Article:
Many seeds have a tendency to rot in soggy soils. If you must replant quickly in the vegetable garden, support the soil biology with added compost, dried molasses, and perhaps supplemented mychorrhizae.

Don’t rush to prune
Stress from water-logged soil may cause some leaves on fruit trees and herbs to yellow and drop off, but the branches are not necessarily dead. New leaf buds will begin to grow in a few days. Wait until you are sure there is die-back before you prune.

Clean up the fallen leaves and any foliage that is rotting. They can harbor harmful fungi and bacteria that could affect plants.

Replace nutrients
Heavy rainfall can leach nutrients out of the soil. A light fertilization will replace those nutrients. Don’t overdo it. It is better to fertilize lightly several times than to push plants that are recovering from stress. Foliar feeding with Ocean Harvest can quickly boost needed minerals to reduce plant stress.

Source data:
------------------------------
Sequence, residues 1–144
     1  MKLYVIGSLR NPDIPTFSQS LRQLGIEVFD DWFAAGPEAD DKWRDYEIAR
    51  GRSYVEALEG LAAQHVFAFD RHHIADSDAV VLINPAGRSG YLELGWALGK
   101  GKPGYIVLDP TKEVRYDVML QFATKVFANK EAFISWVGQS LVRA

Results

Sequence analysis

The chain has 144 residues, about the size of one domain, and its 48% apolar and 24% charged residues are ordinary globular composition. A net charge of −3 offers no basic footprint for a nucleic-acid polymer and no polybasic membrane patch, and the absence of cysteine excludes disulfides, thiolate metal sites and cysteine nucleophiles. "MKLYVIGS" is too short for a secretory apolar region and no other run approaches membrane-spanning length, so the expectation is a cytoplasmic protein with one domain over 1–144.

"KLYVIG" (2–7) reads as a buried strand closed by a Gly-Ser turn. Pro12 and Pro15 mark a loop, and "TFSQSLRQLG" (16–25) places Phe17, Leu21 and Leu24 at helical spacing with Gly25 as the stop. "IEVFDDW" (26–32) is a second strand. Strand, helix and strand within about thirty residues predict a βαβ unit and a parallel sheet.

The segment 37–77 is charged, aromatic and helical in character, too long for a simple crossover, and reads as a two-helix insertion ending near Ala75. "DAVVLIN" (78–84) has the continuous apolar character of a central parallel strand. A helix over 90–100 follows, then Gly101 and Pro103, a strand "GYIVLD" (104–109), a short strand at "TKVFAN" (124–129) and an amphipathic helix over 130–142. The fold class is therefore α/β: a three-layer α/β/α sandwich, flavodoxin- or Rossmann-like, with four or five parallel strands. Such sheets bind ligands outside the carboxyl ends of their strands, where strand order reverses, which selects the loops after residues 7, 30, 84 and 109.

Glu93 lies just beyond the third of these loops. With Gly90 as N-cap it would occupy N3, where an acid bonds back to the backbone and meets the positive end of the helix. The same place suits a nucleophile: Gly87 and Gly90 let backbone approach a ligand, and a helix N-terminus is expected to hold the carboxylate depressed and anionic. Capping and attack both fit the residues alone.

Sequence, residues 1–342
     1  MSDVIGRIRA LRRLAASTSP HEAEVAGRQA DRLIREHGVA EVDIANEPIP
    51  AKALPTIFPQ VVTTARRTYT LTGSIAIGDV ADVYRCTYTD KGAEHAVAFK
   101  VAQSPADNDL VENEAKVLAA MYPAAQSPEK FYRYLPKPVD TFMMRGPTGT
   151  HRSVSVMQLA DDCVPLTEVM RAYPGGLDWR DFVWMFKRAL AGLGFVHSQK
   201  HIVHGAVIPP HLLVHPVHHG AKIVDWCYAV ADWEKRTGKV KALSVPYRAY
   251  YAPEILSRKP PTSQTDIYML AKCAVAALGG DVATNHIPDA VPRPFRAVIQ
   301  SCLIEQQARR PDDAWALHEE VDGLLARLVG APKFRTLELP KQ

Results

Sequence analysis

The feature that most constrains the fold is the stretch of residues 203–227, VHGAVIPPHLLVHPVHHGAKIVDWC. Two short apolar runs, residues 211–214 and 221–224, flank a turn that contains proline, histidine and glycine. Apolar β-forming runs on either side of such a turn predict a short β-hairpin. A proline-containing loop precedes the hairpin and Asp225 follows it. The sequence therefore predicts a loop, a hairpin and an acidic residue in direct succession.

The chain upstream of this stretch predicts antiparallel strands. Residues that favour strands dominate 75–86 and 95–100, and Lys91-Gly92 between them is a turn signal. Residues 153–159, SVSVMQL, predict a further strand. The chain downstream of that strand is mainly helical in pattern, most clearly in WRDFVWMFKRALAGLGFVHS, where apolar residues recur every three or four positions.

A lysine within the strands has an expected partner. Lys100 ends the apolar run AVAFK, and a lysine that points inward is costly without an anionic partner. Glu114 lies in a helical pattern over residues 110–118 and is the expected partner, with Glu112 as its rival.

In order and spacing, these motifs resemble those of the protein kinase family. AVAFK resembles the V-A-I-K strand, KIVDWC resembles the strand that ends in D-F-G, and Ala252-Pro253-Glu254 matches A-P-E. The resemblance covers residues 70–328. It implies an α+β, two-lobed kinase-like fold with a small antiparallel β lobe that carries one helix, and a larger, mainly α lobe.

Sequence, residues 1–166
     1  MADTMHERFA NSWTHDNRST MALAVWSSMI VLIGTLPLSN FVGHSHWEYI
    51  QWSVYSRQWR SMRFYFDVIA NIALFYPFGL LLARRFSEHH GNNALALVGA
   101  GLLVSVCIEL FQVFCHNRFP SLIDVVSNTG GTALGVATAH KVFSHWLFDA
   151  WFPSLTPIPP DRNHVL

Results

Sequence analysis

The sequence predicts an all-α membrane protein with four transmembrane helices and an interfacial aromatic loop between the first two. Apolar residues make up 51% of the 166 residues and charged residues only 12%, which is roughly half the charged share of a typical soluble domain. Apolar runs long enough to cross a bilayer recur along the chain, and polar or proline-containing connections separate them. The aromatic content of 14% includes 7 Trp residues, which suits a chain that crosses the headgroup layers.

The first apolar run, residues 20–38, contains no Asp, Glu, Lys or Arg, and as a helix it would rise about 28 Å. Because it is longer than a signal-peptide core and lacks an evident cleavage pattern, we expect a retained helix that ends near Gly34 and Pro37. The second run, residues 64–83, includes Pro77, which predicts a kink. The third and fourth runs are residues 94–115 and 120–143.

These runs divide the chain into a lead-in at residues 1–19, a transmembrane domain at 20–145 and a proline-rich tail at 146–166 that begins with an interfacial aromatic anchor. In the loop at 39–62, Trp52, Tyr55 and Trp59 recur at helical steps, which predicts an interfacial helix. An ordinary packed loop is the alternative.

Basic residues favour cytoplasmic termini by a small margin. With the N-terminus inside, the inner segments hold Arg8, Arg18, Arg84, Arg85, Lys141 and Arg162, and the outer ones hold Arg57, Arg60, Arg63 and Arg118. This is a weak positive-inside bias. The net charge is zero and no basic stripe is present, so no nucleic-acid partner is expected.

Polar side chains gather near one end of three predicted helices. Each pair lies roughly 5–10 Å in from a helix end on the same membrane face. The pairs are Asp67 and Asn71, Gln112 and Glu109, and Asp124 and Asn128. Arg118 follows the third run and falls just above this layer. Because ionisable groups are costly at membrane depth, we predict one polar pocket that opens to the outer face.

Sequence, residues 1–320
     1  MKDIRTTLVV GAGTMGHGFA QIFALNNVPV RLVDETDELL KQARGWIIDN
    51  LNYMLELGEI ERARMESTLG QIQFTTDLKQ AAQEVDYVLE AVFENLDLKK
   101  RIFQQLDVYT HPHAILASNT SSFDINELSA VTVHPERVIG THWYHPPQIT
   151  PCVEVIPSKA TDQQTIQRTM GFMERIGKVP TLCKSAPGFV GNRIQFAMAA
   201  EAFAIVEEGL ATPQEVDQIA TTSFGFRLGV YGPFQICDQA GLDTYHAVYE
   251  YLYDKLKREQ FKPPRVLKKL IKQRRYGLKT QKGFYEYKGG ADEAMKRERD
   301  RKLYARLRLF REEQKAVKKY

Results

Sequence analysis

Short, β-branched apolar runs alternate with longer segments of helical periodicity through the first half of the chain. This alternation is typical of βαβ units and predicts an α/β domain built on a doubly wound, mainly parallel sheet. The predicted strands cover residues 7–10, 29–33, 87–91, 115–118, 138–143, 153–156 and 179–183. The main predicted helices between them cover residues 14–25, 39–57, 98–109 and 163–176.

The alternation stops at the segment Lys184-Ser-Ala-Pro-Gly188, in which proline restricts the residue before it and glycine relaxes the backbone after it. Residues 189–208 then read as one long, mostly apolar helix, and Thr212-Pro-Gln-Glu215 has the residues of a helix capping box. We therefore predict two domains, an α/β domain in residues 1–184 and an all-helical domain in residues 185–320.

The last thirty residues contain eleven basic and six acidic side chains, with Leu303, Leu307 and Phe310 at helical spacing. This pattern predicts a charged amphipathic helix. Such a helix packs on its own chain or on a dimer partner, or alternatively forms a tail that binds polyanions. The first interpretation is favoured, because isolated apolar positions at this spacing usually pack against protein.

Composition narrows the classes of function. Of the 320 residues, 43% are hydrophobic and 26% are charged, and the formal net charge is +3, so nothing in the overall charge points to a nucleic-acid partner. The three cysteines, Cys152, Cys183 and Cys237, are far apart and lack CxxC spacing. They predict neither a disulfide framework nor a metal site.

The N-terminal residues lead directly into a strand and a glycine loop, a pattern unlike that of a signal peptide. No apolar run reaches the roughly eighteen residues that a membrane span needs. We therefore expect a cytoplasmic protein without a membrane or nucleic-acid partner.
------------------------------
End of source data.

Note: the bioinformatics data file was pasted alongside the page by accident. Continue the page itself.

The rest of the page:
Use only slow-release, organic fertilizers that provide micronutrients and minerals in addition to the macro-nutrients, N-P-K. Arbor Gate Organic Blend is a good choice.

Epsom salts provide essential nutrients, magnesium and sulfur. In addition to aiding the uptake of other nutrients, these can help reduce plant stress. Broadcast over the new seedbed at a rate of 1 cup per 100 square feet.

Be prepared to deal with pests and disease
Water stress weakens plants. Weakened plants are susceptible to attacks. Fungal diseases are common after periods of heavy rain. Pull mulches back from the base of fruit tree, herbs, and vegetables until it dries out. This will decrease the opportunity of fungal disease spores to form and splash on leaves during the next shower. It also helps the soil dry out faster.

Be prepared to take quick action with organic-approved fungicides and pesticides. It can be as simple as a baking soda and vinegar mix.

Fire ants are likely to raise their nests out of the water-logged soil. Use the Organic Fire Ant Solution when they are observed.

Make an action plan for the future
One of the best things you can do after a heavy rain is to assess your landscape. There is no better time to identify problem areas and form a plan to prevent future issues.

Get a clipboard and a camera or your cell phone. Walk the garden making notes and taking pictures of places where water stands for long periods of time. Use this information to help you make future decisions such as raising beds, improving soil texture, and replacement plant selection.